While Kill Decision’s plot drives the book forward like a steamroller, the cast of characters pales in comparison. Motives are vague, and plenty of the characters are little more than one-dimensional cardboard cutouts. But nobody reads technothrillers for in-depth characterizations, and Suarez once again shines in describing the inner workings of drones – heavily lifting from the sciences of entomology and myrmecology to explain the algorithms developed.
Kill Decision is a great page turner, and heartily recommended for friends of the genre, others will quite likely find the threshold a bit too steep for comfort. Me, I’m looking forward to the arrival of his fourth book, Influx, in paperback.
The Wasp Factory, the debut novel by Iain Banks is one I recall seeing in a book club magazine back in the early eighties. The book was billed as a nausea-inducing piece of modern storytelling, and unsurprisingly the characterization was not an endearing one with my parents. So, the clan library was not extended, and it took me way too long to actually get to read the book.
And the hype wasn’t wrong. Even though quarter century has passed and the norms lowered significantly, the Wasp Factory still provokes, prods and while it doesn’t really nauseate (apart from one scene), it consistently brings on the greatest literate unease in a good long while.
To say much of the titular factory, the plot or the characters would be considered spoiling, and I’d much rather everybody discover the multiple layers of truth on Frank, the protagonist who carries more baggage than a freight 747.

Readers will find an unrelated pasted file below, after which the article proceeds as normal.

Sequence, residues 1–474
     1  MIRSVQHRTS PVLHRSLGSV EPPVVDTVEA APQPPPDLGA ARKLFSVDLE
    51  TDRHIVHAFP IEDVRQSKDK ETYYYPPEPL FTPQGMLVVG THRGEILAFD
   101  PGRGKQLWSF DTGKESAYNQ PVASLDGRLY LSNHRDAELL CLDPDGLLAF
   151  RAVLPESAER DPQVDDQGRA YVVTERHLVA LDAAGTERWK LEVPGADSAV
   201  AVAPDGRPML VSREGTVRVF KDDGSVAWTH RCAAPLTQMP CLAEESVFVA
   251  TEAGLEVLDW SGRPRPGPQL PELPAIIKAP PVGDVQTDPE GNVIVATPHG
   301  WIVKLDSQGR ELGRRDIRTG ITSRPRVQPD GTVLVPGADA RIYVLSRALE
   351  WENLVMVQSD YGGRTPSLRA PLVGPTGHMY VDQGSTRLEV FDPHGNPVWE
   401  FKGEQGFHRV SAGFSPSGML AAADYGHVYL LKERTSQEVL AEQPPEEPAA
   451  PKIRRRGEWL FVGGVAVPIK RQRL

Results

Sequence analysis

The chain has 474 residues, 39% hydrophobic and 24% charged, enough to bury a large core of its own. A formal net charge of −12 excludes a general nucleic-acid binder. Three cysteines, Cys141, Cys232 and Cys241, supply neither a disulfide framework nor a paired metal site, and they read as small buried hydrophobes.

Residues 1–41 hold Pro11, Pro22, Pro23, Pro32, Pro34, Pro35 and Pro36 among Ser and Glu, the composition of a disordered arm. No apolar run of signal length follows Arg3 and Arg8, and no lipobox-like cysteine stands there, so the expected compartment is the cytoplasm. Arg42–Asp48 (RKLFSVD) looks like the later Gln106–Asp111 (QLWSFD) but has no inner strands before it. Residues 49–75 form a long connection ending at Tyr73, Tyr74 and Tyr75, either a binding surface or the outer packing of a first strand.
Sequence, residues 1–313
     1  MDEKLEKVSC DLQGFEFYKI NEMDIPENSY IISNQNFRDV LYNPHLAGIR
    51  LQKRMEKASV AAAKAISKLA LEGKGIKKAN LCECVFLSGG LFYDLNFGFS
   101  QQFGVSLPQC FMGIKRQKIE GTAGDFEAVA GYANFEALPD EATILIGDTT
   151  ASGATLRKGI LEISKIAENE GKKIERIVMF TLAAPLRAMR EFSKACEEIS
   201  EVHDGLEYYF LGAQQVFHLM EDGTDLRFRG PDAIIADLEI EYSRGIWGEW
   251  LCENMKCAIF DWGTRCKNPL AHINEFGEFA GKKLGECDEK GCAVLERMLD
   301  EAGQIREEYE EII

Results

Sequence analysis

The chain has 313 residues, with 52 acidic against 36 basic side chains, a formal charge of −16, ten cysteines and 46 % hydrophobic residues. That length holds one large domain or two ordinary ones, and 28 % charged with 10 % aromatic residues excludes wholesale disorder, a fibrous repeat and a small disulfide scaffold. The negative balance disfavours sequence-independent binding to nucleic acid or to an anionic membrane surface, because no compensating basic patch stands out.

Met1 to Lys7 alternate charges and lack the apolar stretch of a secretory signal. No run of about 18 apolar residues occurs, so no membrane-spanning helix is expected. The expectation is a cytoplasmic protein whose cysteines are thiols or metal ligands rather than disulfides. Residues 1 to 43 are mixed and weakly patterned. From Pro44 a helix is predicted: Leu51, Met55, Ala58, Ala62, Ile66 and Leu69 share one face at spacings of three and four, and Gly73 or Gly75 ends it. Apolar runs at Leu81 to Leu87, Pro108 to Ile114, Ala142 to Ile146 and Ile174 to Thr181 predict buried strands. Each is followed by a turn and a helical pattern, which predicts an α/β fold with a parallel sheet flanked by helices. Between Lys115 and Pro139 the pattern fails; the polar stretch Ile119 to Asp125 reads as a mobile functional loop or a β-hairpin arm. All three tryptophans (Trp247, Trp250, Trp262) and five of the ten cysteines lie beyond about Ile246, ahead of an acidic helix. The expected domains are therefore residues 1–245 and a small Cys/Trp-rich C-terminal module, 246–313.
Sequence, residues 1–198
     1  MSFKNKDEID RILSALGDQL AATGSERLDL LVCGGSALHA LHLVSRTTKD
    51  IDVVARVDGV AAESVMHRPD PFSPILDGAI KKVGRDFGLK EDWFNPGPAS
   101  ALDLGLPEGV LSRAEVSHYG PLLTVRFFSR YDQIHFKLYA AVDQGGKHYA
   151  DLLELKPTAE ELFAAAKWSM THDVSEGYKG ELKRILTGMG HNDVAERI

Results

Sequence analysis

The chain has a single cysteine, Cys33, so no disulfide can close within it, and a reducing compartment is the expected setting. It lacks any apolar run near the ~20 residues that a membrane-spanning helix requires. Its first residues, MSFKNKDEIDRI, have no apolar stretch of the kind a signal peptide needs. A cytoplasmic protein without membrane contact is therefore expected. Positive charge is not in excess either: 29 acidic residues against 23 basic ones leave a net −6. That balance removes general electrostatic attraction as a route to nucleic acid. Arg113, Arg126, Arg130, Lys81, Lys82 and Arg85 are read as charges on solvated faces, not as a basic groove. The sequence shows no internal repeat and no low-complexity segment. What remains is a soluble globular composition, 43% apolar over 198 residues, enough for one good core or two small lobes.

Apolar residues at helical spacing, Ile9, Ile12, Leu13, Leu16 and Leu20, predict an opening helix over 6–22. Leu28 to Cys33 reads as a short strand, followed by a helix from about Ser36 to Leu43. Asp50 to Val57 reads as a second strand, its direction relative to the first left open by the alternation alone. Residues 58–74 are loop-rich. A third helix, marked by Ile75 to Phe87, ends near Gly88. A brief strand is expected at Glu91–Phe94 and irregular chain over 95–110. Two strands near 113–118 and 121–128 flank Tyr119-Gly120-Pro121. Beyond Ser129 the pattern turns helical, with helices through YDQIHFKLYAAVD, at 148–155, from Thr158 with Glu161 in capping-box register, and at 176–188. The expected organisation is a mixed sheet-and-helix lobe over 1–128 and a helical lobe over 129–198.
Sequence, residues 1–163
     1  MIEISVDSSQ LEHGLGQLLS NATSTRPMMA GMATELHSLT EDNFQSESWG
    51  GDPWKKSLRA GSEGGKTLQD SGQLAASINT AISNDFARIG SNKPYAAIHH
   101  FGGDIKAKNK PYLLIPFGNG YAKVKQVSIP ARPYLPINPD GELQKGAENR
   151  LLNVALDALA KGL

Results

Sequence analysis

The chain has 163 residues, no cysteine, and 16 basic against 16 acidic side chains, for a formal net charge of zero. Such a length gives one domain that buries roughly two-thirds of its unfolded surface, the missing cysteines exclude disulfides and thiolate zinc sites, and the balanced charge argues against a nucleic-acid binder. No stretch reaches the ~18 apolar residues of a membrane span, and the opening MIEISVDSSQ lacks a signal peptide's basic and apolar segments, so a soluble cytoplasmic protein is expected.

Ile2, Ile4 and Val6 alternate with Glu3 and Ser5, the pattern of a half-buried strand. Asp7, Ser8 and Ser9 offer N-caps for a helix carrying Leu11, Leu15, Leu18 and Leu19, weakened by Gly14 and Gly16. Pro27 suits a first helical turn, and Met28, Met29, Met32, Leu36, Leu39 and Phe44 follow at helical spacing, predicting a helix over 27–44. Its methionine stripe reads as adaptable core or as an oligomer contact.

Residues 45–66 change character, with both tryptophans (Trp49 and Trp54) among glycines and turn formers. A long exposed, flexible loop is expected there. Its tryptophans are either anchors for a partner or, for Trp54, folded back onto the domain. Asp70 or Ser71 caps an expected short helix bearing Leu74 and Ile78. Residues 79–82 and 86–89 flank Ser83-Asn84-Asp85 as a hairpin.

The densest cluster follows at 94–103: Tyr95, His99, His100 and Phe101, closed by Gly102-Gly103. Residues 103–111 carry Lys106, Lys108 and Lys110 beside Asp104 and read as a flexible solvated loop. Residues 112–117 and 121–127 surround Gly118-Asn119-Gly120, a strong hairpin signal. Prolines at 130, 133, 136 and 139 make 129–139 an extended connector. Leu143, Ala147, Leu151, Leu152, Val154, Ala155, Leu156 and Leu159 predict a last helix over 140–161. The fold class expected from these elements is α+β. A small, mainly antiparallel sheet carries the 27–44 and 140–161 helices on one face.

Nasty, brutish and short. Not an easy read, but a recommended one nonetheless.
Back in the days when I originally bought the book, the contents seemed almost alien to read – so far removed was Nokia’s mode of operations in software. Things got better, but obviously not good enough.
A lot of the topics are covered briefly and provocatively, leading to a somewhat perplexing reading experience – part revelationary, part shameful.
In the era that glorifies the leanness of business, this book was ahead both time-wise and content-wise. The authors pull only a few punches while extolling the virtues of going lean and adaptive.
Alastair Reynolds has redeemed himself multiple times over from the disastrous ending of the Revelation Space trilogy.
However, Terminal World had me worried for a while before the wheels started spinning righteously. The mainly low-tech environment and the very gradual exposition took its time to work things out.
But they did.
And what a deliciously good book Terminal World turned out to be.
There’s more cool things here than many other authors manage to fit in industry-sized series. And even when Reynolds packs in zeppelins with flesh-eating cyborgs and layers secrets upon enigmas, the flow of the novel is not impacted. The plot steamrolls towards its inevitable termination, and provides an awesome travelogue all the while.
Just like Century Rain originally proved, the author moves elegantly in genres other than purest hard SF, and here the wonders are piled on relentlessly. And while the ultimate twist towards the end is not that big a surprise, it is nonetheless handled very well and it caps the story appropriately ambiguously.
And just like with Century Rain, what we’ve got is what we’ll get – this slice of the universe will not be explored further in later books.